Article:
“Being the vanguard of ice cream has vanquished its radical sensation.”

I have a favorite local pub that specializes in offering a wide variety of craft beers that rotate weekly – they have dozens of taps and whenever I go there’s always a couple beers on special I’ve never heard of.  Let’s just say, it’s not the kind of place you order a Budweiser.  But I was surprised when they stopped serving Guinness to focus their selection toward offering unique flavors from a variety of breweries.  As an American pub, Guinness still seems exotic enough to offer, right?

I didn’t want to order Guiness that night and I have never ordered it there before, in fact I barely noticed it was absent from the list. Yet I was still surprised and annoyed that they wouldn’t offer the “classic” or “go-to” stout. C’mon, it’s a classic.  So what if Guinness is the “vanilla” of the stout world?  Ben & Jerry’s has dozens of flavors and yet they always have vanilla.

Of course, I never order vanilla at ice cream shops either because who wants vanilla ice cream?

It’s just so common and plain.  Multitudes of things have vanilla varieties – yogurts, cookies, cereals, sodas, even alcohols.  Then there are the candles, lotions, air fresheners, and body washes.  If there are multiple flavors or scents available for a product, it is likely one of them is vanilla.

Vanilla has become synonymous with “plain” and in contexts other than just flavors.  A “vanilla” person has a conventional and unadventurous personality type.  A “vanilla” computer game is the original game with no expansions or extras.  It can be used to describe anything that is boring, modest, basic, or simple.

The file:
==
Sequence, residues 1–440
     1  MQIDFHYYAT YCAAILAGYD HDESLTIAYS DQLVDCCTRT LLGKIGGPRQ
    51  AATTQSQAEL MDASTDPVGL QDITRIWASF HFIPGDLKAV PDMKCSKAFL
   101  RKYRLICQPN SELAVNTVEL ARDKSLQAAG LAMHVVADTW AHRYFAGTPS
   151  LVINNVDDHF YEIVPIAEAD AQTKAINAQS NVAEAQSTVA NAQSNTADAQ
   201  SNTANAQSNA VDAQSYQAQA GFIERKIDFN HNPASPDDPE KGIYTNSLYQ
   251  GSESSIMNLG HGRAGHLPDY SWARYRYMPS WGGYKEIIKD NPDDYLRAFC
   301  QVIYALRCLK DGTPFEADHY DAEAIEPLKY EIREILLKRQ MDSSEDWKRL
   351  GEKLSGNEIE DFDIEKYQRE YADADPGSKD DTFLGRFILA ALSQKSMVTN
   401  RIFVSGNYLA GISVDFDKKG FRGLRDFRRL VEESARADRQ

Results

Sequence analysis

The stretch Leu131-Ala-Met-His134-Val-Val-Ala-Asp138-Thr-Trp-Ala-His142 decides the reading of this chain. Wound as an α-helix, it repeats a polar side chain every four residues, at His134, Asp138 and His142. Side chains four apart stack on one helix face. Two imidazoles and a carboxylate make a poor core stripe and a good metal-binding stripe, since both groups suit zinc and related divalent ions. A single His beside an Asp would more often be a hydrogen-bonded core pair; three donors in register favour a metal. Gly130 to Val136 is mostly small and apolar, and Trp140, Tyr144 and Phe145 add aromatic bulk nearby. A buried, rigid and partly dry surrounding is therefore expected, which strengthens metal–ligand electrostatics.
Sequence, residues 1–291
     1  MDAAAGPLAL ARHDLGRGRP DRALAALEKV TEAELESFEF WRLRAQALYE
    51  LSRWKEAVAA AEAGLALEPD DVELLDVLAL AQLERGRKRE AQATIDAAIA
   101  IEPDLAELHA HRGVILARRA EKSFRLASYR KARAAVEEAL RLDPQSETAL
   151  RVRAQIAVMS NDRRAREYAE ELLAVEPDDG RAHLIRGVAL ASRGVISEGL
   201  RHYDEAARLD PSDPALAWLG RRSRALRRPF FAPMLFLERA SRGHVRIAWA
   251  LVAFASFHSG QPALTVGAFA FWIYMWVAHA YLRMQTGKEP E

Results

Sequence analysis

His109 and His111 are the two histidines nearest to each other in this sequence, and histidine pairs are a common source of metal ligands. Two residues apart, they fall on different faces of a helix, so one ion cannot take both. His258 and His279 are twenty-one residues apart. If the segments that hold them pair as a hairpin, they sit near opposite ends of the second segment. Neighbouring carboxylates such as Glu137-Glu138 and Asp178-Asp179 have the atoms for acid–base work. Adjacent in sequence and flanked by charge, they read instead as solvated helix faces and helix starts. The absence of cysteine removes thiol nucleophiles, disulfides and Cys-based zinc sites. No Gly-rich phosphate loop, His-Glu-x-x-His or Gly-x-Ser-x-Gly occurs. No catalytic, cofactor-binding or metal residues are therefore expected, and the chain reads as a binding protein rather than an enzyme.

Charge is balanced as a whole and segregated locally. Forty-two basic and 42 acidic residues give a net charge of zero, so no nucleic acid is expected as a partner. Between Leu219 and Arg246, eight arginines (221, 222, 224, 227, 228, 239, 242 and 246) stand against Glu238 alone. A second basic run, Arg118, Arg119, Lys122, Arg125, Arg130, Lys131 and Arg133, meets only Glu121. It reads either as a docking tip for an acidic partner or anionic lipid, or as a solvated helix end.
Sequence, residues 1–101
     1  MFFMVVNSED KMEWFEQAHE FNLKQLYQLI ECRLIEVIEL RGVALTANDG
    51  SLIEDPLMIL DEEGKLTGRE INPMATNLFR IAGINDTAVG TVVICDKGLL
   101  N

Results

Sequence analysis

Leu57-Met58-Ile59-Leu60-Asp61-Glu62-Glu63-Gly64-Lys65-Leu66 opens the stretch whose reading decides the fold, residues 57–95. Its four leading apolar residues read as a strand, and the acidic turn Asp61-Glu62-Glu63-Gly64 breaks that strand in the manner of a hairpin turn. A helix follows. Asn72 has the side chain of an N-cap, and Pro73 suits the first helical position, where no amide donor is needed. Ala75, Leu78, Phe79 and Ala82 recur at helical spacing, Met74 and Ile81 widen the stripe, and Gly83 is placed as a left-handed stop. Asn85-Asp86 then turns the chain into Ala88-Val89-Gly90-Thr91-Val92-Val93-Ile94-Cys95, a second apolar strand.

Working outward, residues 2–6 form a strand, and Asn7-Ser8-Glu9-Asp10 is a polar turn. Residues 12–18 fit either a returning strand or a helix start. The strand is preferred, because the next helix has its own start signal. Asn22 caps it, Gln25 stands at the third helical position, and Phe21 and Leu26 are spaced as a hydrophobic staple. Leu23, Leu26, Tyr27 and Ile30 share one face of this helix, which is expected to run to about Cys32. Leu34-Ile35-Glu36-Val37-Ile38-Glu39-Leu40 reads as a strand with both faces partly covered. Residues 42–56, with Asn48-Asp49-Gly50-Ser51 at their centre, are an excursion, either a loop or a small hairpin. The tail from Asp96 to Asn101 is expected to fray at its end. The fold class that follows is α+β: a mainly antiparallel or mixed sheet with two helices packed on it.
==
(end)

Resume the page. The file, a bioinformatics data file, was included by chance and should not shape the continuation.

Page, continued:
But vanilla hasn’t always had such a boring reputation.  It was once worshiped by the Aztecs as a sacred plant, and when Cortes brought it back to Europe in the 1520s it quickly became one of Spain’s hottest commodities.

Europe’s demands were mainly exported from Mexico because it was difficult to cultivate in non-native regions as it required pollination from a local bee species not found in Europe.  The exotic origin of the plant and the difficulty in its growth and acquisition made it all the more desirable and prestigious.

According to the Totonac, an early civilization that lived in Mexico, the vanilla plant sprung the blood of two beheaded lovers, an immortal princess and the mortal she was forbidden to marry.

In the mid 19th century, the invention of hand-pollination allowed the plant to be cultivated anywhere and global production began. But even with production possible in non-native regions, it was still a labor-intensive process: the flower will die within hours after blooming if not pollinated, the pods grow for 9+ months, and then curing processes take several more months.